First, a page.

Students who are deaf or hard of hearing are being presented with new challenges this upcoming school year, whether they've returned to the classroom, are learning remotely, or both. Virtual learning adds an array of potential struggles to the mix as these students will now face technology barriers that could impede their access to education.
Educators, caregivers, and students are all learning to navigate remote learning together.
What schools and educators can do
The bulk of the responsibility for making remote learning accessible falls on a student’s school and teachers. With as many as 14% of all public school students receiving special education services under the Individuals with Disabilities Education Act (IDEA), schools are tasked with adhering to Individualized Education Programs (IEPs) and 504 Plans, regardless of the type of instruction in which the student participates. What does this mean for schools? They must find ways to adapt the IEP or 504 Plan of a Deaf/HoH student to virtual instruction.
When it comes to students with hearing loss learning remotely, the primary feat for educators is to ensure that those students have equal access to their lessons. For students who are adept at lip-reading, clear video and a close-up instructor can make a world of difference. Students who have a sign language interpreter as part of their IEP or 504 Plan should still have access to that interpreter via video. When a lesson includes non-teacher-led instructional videos, reliable captioning can prevent students from missing out on critical information.
Technology isn’t always as reliable as face-to-face instruction. It’s necessary, then, for educators to participate in routine checks of their tools. For example, the student and teacher might sign onto their digital platform 10 minutes early each day. During this time, they can check that video and captioning work correctly. They can also verify that the student has everything they need to digest the learning materials through hearing, reading, signing, or whatever communication method they prefer.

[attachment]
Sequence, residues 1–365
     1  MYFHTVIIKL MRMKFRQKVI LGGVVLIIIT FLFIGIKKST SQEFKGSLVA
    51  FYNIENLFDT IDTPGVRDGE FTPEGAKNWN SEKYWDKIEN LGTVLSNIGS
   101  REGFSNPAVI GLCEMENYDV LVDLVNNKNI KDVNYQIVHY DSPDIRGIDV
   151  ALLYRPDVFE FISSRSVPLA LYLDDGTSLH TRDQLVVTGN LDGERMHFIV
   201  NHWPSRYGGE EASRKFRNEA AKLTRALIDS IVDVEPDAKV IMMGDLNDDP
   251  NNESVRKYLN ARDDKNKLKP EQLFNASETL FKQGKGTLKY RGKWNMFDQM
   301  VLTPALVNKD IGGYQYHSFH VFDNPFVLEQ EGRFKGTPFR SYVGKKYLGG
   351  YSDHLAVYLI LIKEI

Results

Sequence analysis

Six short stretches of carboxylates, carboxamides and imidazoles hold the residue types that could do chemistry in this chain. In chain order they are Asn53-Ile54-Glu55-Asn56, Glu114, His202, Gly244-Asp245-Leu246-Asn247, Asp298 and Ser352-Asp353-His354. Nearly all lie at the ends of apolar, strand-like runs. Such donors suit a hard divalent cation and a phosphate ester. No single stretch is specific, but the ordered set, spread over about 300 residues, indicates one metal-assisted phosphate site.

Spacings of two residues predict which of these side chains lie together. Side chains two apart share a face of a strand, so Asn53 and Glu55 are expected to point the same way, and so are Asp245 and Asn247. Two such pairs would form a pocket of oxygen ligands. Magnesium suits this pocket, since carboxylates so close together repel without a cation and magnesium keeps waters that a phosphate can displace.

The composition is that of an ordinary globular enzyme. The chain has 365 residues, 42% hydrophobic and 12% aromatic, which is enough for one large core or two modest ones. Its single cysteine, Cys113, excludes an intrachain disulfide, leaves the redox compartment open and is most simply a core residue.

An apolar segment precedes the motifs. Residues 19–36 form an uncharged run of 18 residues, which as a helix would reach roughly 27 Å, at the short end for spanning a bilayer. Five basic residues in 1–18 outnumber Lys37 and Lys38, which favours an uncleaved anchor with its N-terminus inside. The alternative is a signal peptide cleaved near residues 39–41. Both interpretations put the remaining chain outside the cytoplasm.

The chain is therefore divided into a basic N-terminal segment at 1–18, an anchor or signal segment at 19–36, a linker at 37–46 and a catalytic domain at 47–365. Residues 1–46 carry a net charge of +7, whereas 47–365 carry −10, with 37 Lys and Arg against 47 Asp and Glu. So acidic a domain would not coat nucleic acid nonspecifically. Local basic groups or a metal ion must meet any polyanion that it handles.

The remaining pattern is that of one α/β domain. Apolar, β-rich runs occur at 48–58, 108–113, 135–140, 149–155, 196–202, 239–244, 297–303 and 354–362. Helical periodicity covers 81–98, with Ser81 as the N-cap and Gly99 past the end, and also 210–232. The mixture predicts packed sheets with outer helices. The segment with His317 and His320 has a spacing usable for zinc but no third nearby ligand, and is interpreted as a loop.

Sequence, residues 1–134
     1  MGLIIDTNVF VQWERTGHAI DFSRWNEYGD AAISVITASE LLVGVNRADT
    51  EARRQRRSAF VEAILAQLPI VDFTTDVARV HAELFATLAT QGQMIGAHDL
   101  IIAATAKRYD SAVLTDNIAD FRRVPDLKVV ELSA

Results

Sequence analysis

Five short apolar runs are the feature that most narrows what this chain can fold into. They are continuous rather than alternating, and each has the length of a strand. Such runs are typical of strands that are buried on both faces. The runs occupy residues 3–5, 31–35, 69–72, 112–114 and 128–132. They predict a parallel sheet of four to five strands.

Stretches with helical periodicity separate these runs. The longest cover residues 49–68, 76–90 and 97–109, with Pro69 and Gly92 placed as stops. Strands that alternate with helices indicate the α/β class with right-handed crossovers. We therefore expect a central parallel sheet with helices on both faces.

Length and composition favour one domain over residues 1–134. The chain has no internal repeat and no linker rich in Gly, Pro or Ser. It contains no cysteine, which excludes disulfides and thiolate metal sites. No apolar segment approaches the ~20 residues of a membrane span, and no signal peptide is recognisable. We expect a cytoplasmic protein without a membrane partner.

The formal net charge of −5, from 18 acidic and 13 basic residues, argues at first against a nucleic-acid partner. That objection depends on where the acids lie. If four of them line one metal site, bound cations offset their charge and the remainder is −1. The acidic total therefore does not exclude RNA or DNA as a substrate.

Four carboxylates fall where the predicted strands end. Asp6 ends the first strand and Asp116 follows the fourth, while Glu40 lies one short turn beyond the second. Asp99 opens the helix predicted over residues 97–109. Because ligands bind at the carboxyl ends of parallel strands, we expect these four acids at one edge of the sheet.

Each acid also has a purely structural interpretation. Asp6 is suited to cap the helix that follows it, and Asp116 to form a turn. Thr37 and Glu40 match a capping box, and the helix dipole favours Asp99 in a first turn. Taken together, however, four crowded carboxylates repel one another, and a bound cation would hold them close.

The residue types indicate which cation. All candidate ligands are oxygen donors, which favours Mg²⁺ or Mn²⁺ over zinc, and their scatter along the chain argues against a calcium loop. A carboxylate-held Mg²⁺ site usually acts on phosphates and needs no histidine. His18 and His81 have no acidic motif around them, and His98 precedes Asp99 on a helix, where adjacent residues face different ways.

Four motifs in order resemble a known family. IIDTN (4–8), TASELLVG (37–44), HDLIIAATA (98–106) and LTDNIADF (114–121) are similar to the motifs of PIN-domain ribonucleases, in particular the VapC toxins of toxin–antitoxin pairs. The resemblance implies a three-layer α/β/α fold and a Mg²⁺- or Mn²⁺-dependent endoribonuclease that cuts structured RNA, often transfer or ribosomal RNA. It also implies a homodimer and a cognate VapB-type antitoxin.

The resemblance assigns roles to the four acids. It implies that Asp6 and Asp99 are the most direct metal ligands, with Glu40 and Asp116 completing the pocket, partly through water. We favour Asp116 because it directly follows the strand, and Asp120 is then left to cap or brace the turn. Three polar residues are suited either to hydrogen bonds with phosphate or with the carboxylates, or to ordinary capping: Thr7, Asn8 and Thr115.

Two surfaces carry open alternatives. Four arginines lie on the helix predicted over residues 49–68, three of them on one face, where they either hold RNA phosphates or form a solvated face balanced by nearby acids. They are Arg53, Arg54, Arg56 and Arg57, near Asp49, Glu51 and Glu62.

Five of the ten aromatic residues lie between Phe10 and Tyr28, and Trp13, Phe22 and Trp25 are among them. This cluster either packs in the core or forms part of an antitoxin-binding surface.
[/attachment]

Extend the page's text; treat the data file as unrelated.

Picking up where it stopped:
What parents and caregivers can do
At home, parents and caregivers can take a few steps toward ensuring that the student has an environment conducive to learning. Most importantly, the child should have a quiet work area that’s free from distractions that could interfere with lessons and schoolwork. A separate room or nook is best, but if that’s not a possibility in the home, a tri-fold poster board can make an excellent divider between the student and environmental distractions.
A large, clear monitor at the student’s workstation can assist them with lip-reading, caption-reading, or sign language interpretation. If the child uses headphones, you can give them a quick check each day to make sure they’re working correctly before they start their lessons.
As crucial as academic learning is, caregivers should also acknowledge the importance of social learning for Deaf/HoH students. Without a typical learning environment that encourages social interactions, the child should have alternative forms of socializing. Socially-distanced playdates or video calls with friends and relatives could help children continue improving their preferred method(s) of communication throughout the virtual school year.
As we head into the new school year, effective collaboration between everyone involved in a student’s education will be critical. When educators and caregivers work together to create unique, working solutions for students with hearing impairments, remote learning can be as accessible as the physical classroom.